I am not an attorney, but my reading of the International Code of Zoological Nomenclature suggests to me that Wu's (1989) type designation may be valid. His concept of heterostropha is defendable all the way back to 1817, and given its not-infrequent use in the subsequent literature, would seem unlikely to be overturned on appeal. But as a scientist, it seems clear to me that the name "heterostropha" has become worse than useless - it is an actual impediment to our understanding of the evolutionary history of an important group of organisms. To substitute an ambiguous name like "heterostropha" for the much cleaner name "gyrina" makes no practical sense.
So the bottom line is that I intend to call the concave species acuta, the convex species gyrina, and consign heterostropha to the dustbin. Add another line to my lengthy rap sheet in the file cabinet at the ICZN squad room. And when the taxonomy police come to surround the building with guns and dogs, well, let's just say ... They'll never take me alive!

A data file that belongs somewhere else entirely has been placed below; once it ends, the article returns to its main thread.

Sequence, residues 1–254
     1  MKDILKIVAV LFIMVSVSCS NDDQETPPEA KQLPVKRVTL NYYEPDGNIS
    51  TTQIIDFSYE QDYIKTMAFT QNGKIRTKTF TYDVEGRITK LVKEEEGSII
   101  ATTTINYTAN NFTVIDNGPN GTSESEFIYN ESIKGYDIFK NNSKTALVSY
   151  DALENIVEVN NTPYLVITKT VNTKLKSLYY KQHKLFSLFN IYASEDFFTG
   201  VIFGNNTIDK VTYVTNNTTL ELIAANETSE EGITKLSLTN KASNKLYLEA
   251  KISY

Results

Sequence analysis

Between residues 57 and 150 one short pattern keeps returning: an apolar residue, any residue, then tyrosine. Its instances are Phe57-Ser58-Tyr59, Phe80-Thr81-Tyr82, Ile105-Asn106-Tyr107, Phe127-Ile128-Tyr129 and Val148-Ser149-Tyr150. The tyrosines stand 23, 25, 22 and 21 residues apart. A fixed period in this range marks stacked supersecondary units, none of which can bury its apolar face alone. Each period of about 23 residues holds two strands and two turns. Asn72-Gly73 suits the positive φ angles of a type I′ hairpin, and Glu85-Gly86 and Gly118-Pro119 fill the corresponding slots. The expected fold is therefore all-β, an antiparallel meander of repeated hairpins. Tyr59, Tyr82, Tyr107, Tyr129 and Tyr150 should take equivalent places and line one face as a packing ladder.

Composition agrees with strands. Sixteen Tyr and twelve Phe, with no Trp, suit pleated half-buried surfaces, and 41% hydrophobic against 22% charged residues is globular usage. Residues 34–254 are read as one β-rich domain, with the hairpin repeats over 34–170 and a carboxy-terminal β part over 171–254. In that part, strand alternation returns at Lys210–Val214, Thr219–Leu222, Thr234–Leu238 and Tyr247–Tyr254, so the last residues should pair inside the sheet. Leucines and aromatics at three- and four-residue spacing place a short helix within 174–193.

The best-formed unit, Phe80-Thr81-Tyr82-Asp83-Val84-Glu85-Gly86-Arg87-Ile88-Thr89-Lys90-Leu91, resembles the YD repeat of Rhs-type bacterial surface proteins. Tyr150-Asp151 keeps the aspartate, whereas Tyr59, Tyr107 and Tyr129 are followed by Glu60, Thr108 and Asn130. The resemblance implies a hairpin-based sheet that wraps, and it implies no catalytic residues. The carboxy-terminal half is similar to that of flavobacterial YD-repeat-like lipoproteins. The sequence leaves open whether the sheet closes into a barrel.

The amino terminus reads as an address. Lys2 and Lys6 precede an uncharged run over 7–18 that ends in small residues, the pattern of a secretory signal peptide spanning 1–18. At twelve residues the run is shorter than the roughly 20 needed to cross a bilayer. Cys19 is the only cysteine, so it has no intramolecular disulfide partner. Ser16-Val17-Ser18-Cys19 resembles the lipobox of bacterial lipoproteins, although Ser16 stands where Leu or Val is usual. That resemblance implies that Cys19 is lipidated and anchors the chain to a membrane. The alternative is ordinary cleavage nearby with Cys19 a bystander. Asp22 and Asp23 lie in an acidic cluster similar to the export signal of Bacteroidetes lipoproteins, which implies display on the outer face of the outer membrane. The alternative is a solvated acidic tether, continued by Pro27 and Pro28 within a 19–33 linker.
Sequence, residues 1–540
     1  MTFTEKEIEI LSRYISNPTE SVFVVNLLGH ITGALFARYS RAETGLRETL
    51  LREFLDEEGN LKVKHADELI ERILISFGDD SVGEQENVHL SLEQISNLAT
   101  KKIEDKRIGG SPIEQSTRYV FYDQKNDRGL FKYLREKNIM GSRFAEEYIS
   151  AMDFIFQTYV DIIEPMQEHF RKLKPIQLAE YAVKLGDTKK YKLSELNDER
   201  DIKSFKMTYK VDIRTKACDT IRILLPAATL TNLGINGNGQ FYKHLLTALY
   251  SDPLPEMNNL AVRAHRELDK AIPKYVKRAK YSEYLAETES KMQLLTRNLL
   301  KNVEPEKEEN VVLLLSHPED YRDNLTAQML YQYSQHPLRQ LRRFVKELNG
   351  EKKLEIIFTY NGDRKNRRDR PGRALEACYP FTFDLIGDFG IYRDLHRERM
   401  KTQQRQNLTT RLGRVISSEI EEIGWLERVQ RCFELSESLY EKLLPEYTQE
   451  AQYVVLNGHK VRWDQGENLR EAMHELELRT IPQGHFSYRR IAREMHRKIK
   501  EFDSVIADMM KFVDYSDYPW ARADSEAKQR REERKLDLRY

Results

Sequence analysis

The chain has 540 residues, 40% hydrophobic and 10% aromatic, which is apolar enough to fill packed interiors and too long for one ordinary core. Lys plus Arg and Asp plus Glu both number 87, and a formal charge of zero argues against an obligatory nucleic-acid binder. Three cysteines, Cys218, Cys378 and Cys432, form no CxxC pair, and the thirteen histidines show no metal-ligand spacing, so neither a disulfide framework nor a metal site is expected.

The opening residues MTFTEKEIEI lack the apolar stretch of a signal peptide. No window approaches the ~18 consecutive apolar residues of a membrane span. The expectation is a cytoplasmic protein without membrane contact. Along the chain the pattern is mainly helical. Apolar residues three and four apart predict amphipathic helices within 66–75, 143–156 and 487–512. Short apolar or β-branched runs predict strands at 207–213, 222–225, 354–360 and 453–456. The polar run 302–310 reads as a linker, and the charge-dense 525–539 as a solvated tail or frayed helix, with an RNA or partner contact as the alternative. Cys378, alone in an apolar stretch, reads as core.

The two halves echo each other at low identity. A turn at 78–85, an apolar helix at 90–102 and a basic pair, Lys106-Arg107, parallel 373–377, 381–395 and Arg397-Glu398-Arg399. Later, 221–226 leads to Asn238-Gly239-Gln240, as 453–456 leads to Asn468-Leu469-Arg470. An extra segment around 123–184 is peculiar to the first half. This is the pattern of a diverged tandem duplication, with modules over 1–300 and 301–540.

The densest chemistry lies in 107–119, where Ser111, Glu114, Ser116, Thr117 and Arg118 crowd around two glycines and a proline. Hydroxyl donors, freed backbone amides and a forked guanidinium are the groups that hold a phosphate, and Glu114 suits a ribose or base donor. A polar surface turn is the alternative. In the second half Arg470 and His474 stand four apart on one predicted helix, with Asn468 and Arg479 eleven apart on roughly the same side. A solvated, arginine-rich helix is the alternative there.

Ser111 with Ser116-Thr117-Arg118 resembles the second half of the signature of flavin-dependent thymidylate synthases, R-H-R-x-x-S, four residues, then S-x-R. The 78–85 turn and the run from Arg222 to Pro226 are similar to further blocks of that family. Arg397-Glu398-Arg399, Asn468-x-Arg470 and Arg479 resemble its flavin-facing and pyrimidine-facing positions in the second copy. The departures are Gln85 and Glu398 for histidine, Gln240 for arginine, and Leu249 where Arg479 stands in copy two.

P.S. From Gary Rosenberg
Date: Tue, 28 Oct 2008 13:32:25 -0400
To the FWGNA group:
Those of you with an unquenchable thirst for malacological mystery may enjoy my email exchange with Gary Roseberg below, regarding the type of Physa heterostropha. In our latest twist, The Butler (yours truly) has been cleared of all charges. But the mystery deepens. Did Thomas Say's holotype ever reside in the ANSP? If not, what deceived such clever investigators as W. G. Binney, H. A. Pilsbry, and H. B. Baker? And if so, what has become of that type material today? Has there been foul play?
Only The Shadow knows
Subject: Re: Backwards Snails Backwards!
Date: Tue, 14 Oct 2008 14:34:22 -0400
From: "Gary Rosenberg"
To: "Dillon Jr., Robert T"
ICZN Police! Come out with your head up!
I'm please to inform you, Dr. Dillon, that the charges against you have been dismissed. The lectotype designation by Wu has no standing, because there is no evidence that the Haldemann material was studied by Say. ANSP 280031 was donated by Haldemann, and is labeled as Haldemann's types. This means that they are Haldemann's figured specimens, not types of earlier named species.
Subject: RE: Backwards Snails Backwards!
Date: Tue, 14 Oct 2008 14:47:08 -0400
From: "Dillon Jr., Robert T"
To: "Gary Rosenberg"